Why the inconsistent and mixed verdict?  Here is my theory. The healthcare fraud statute imposes criminal liability for one who “knowing and willfully executes, or attempts to execute” a fraud. Nevertheless, the trial judge charged the jury that it could find Farha guilty of healthcare fraud if Farha was “deliberately indifferent” to the truth or falsity of the alleged false submissions. As a practical matter, this allows a jury to convict based upon negligence or recklessness, rather than the criminal intent or “guilty knowledge” needed for a false-statement conviction. Thus a jury could convict for negligence instead of proving the higher level of criminal intent of “knowledge.” The Eleventh Circuit upheld the conviction, for which Farha was sentenced to three years in prison.

The petition for certiorari filed earlier this year by Seth Waxman of WilmerHale presents the important question of whether “deliberate indifference,” a judge-made standard, satisfies the congressionally mandated level of actual “knowledge.”  The petition makes the compelling argument that the “deliberate indifference” standard that the Supreme Court soundly rejected in Global-Tech Appliances, Inc. v. SEB S.A., 563 U.S. 754 (2011), a civil patent infringement case.  Indeed, the Global-Tech Court drew upon criminal precedent to rule that “deliberate indifference,” which is akin to recklessness, is not sufficient to show intent to infringe on a patent. Accordingly, if “deliberate indifference” is insufficient in a civil context, all the more it should be rejected in the criminal context, where prosecutors often bring criminal charges in what are really civil regulatory or contract cases.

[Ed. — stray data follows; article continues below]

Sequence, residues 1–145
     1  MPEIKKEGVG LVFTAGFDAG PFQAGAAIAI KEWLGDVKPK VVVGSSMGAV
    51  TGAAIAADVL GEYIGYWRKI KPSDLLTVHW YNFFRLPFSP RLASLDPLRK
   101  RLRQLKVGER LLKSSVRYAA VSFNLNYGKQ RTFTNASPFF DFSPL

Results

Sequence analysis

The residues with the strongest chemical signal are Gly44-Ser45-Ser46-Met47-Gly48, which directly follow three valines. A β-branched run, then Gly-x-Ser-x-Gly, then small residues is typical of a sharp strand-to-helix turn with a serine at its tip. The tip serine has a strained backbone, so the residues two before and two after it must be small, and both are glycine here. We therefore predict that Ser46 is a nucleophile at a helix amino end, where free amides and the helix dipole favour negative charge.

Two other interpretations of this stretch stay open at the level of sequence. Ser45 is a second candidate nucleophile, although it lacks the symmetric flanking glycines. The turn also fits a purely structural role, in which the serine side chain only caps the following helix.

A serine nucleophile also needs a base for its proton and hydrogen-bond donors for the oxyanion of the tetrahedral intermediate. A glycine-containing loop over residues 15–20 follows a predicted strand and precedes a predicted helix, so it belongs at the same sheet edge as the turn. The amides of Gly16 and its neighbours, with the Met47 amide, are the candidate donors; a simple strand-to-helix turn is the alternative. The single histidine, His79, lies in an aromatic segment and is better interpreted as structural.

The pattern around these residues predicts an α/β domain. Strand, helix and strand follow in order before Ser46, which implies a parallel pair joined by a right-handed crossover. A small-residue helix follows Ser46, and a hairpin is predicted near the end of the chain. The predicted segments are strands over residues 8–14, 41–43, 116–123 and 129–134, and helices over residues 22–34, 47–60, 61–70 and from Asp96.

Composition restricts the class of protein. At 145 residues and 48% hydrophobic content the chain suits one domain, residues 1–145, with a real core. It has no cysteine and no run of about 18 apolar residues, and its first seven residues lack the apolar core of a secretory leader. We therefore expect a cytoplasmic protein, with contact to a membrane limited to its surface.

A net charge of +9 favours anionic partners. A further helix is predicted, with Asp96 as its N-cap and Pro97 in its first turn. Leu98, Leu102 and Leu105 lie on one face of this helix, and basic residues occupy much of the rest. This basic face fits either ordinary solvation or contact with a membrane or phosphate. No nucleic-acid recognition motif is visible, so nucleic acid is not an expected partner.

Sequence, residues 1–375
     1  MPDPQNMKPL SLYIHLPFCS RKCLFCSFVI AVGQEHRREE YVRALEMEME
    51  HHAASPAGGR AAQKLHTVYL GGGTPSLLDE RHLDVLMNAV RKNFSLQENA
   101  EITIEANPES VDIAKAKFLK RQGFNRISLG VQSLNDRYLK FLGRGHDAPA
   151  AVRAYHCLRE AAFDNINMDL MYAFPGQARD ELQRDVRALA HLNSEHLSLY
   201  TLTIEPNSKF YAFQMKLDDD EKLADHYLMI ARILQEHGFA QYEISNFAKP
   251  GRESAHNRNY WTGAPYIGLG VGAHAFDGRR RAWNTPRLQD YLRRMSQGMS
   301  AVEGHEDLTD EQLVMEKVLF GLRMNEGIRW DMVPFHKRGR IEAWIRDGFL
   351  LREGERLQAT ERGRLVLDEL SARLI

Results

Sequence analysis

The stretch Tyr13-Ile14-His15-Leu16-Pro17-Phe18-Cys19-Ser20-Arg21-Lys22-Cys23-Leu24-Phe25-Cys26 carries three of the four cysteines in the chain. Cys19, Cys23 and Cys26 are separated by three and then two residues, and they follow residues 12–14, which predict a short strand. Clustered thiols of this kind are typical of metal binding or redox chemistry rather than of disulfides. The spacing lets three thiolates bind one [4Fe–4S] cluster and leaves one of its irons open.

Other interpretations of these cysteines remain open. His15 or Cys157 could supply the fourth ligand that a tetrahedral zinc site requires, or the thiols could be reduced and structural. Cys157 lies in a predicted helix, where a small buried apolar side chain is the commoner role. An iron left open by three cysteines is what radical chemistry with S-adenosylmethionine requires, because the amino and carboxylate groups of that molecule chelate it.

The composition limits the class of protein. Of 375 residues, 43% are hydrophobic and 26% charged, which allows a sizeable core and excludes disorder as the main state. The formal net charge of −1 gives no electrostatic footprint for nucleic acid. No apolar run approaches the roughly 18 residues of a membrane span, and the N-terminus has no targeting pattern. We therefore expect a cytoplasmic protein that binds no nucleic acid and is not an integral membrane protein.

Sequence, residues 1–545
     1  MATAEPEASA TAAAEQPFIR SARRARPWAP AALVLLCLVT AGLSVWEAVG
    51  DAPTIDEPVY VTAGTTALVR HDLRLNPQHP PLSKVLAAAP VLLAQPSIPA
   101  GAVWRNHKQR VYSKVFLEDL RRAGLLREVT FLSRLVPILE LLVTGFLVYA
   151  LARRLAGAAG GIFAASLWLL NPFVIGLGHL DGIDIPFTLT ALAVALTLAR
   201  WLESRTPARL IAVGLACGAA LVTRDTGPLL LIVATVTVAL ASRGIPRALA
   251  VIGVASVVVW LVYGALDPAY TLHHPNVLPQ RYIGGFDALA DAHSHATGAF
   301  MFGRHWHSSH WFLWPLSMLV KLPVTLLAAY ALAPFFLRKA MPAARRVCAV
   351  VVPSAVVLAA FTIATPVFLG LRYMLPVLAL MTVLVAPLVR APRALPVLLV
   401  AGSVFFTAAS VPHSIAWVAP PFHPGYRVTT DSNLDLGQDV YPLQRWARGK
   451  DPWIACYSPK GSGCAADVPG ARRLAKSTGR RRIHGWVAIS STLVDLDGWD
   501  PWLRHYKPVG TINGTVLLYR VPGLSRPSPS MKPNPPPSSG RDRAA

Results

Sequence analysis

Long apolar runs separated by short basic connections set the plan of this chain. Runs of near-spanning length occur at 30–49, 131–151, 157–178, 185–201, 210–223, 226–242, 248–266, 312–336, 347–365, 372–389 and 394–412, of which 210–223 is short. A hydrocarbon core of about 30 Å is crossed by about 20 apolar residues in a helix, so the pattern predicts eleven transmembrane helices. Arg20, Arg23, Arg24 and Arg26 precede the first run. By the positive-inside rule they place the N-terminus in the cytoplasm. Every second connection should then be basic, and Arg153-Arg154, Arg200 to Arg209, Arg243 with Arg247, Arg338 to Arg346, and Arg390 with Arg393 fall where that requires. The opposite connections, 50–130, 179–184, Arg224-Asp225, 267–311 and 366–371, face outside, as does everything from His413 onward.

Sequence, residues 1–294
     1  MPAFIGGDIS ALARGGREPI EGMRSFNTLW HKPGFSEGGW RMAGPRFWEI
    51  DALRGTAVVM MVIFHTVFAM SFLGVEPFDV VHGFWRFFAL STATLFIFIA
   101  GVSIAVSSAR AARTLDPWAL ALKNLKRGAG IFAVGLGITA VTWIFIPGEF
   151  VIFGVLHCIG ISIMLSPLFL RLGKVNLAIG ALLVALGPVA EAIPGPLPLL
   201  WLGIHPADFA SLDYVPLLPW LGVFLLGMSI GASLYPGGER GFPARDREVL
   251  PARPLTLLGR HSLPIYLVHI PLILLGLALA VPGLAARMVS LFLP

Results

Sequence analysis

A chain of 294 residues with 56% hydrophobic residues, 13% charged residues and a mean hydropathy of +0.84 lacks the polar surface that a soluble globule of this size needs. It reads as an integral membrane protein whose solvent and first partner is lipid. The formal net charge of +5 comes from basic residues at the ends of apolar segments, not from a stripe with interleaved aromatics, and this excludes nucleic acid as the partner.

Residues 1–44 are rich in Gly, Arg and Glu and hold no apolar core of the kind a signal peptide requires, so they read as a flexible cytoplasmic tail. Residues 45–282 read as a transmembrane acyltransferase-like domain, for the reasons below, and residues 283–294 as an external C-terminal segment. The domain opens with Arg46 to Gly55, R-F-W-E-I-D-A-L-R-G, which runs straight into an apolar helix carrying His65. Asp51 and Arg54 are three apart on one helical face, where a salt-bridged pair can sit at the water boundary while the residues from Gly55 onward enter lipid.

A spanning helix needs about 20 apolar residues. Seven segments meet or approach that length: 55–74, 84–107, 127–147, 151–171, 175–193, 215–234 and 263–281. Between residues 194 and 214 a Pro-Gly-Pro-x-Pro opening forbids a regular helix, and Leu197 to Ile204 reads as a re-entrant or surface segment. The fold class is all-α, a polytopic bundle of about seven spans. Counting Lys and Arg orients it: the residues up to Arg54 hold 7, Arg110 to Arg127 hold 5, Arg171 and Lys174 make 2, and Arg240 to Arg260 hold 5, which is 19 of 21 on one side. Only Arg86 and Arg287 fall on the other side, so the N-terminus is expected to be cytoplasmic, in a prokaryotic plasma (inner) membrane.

Interestingly, in response to the petition, the government seems to have shifted its position: it acknowledges that “deliberate indifference” should not satisfy the “knowledge” element of the healthcare fraud statute (contrary to the Eleventh Circuit’s decision below), but instead argues that the fraud statute does not require an accused to “know” that submissions made to an agency were in fact false. This presents an interesting issue for the Court—can someone be guilty of a healthcare fraud scheme when they do not know that the statements made in furtherance of the alleged scheme are indeed false? The question has particular importance for Farha, since he was actually acquitted of the purported false statements that formed the only basis of the healthcare fraud conviction.

With Justice Neil Gorsuch now taking his seat on the bench, he promises to be a welcome addition to the Court for his views and jurisprudence on mens rea and criminal law issues, including overcriminalization, as I have recently discussed elsewhere.

Because of the importance of the mens rea issues, this case has gathered broad amicus curiae support from national organizations during the appeals process, including the National Association of Criminal Defense Lawyers, the Cato Institute, the Reason Foundation, the Washington Legal Foundation, and 17 prominent criminal law professors. In addition, the Federalist Society has published about the case and hosted several Teleforum events.  All of the amicus briefs and published articles about the case are posted on the NACDL webpage. Further information can be found on the site.